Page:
When France’s education minister, Jean-Michel Blanquer, learned that a francophone Ontario school board had held a book-burning ceremony involving titles banned because of their negative portrayal of Indigenous people, he contacted his Quebec counterpart to commiserate.
Mr. Blanquer, who has been on a mission to turn back the tide of “cancel culture” on French university campuses, was incredulous at the news – which made the pages of the prestigious Paris-based Le Monde – of the Providence school board’s “flame purification” ceremony.
Included among the books incinerated during the ceremony – held in 2019, but which only came to light last month in a Radio-Canada report – were titles from the cartoon collections Tintin, Lucky Luke and Asterix, beloved by generations of young francophones on both sides of the Atlantic.
The result of Mr. Blanquer’s commiserating with Quebec Education Minister Jean-François Roberge was a joint op-ed, published last week in Quebec and France, denouncing the “pernicious influence of a culture of intolerance and erasure” embodied by the book-burning.
“We have a duty to prepare our youth to exercise active, respectful and enlightened citizenship. A citizenship that allows for debate, the opinions of others, the confrontation of ideas and the questioning of all our beliefs,” Mr. Blanquer and Mr. Roberge wrote. “That is why we affirm with force and conviction that public schools, the first line of defence against ignorance and darkness, must be the preferred location for the construction of a common civic project.”
The op-ed was just Mr. Roberge’s opening salvo in his own crusade against wokeism in Quebec public schools. Two days later, the Coalition Avenir Québec minister announced his government would introduce a new “Quebec culture and citizenship” (QCC) course to replace the “ethics and religious culture” (ERC) curriculum now taught in public schools.
The current ERC course was adopted by former premier Jean Charest’s Liberal government in 2008, a decade after Quebec replaced its Catholic and Protestant school boards with linguistic ones. The ERC, which replaced the catechism courses that had long been taught in French Catholic schools, aimed to familiarize primary and secondary school students with the panoply of religions practised in Quebec. But critics have long argued that the course is an affront to modern Quebec’s secularist values.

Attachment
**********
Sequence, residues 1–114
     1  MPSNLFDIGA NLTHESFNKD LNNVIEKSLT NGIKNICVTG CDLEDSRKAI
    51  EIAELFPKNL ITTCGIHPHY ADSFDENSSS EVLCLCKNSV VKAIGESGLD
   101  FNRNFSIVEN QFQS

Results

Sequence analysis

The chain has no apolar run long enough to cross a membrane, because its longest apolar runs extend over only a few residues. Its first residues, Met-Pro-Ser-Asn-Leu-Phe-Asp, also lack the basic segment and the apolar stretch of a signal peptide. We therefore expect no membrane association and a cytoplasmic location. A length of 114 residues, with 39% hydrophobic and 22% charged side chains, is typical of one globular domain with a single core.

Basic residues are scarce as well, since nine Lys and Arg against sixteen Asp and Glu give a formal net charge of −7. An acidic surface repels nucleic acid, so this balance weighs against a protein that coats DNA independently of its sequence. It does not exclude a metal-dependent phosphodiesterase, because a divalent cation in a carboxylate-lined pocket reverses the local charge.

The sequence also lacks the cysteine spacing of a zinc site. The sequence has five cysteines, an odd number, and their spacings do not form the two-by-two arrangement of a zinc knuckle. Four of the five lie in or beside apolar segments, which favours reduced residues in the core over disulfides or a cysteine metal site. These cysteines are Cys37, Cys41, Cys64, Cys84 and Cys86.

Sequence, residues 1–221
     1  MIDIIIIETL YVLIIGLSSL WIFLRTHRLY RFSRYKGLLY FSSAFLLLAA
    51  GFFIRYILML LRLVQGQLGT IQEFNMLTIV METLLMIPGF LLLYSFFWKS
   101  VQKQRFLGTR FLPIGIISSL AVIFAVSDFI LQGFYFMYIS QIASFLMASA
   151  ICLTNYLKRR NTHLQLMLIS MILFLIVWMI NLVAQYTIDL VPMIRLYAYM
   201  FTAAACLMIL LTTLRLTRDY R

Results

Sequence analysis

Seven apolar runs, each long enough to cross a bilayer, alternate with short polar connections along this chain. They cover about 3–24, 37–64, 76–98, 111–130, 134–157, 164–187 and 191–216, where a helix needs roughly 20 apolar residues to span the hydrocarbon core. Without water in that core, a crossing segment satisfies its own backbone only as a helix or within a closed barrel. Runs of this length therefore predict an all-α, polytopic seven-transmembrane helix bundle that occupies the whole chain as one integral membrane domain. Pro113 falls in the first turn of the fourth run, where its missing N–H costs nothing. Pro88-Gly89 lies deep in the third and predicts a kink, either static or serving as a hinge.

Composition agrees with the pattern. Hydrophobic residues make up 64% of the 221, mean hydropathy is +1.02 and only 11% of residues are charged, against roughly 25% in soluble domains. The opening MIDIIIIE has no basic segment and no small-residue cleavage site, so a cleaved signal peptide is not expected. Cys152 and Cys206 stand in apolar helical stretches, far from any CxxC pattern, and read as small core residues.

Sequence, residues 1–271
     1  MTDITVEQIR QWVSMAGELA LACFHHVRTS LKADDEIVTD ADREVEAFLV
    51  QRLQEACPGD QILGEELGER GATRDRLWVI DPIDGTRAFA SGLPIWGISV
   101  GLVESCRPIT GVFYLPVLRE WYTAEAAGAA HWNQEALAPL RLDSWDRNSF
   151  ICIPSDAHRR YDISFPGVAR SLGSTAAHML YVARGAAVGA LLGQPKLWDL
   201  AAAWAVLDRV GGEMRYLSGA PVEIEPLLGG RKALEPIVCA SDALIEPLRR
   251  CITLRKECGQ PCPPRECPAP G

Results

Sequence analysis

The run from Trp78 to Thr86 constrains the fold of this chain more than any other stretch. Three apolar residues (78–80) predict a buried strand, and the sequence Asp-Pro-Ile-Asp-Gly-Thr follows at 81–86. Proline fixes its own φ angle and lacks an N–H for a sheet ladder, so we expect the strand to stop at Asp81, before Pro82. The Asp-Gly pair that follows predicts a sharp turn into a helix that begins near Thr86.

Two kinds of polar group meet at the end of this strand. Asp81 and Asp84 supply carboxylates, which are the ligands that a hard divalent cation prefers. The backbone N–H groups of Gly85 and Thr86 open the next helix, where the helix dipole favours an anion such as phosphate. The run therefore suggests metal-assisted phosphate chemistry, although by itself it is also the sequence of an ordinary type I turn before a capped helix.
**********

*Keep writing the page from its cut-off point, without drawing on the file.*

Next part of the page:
That is an exaggeration. Even the children of non-believers should understand the influence of religion in the lives of most people, and the role the Catholic faith played in shaping modern Quebec. But the anti-clericalism espoused by francophone intellectuals since the Quiet Revolution has hardened attitudes toward the separation of church and state in Quebec.
The Mouvement laïque québécois (MLQ), an organization dedicated to the “total secularization of the state and public institutions in Quebec,” called the abolition of the ERC course “a breath of fresh air.” The ERC, the MLQ said, has been “an aberration and a disaster on the social level.”
Given its populist leanings, the CAQ government to which Mr. Roberge belongs is not particularly popular in Quebec intellectual circles. But Quebec nationalists and intellectuals have found common ground when it comes to secularism.
Both support Bill 21, though for different reasons. Nationalists see the law that prohibits some public-sector employees from wearing religious symbols as an assertion of Quebeckers’ distinct identity in the face of the multicultural ethos that prevails elsewhere in Canada. Intellectuals see it as protection against the incursion of religion in the public square, which they argue should be a faith-free zone.
The CAQ government’s move to replace the ERC with a new Quebec culture and citizenship course is similarly welcomed by nationalists as a blow to multiculturalism and an affirmation of Quebec’s dominant francophone identity. In a video promoting the new curriculum, Premier François Legault says the new course will lead to “a prouder Quebec.”
Mr. Legault’s re-election in 2022 is about as close as you can get to a sure thing in Canadian politics. And his plan to push ahead with the new course will certainly not hurt his chances.
Still, there is something deeply disturbing about the CAQ’s exploitation of Quebeckers’ cultural insecurity for political gain. It is one thing to express concern about the pernicious effects of cancel culture on democratic debate or the excesses of a multiculturalism that denies the existence of a core national identity. But it is quite another to depict critics of Bill 21 and the new citizenship course as an existential threat to the survival of the Quebec way of life, as Mr. Legault and his ministers do.
It almost makes you wonder whether Mr. Roberge even read his own op-ed.
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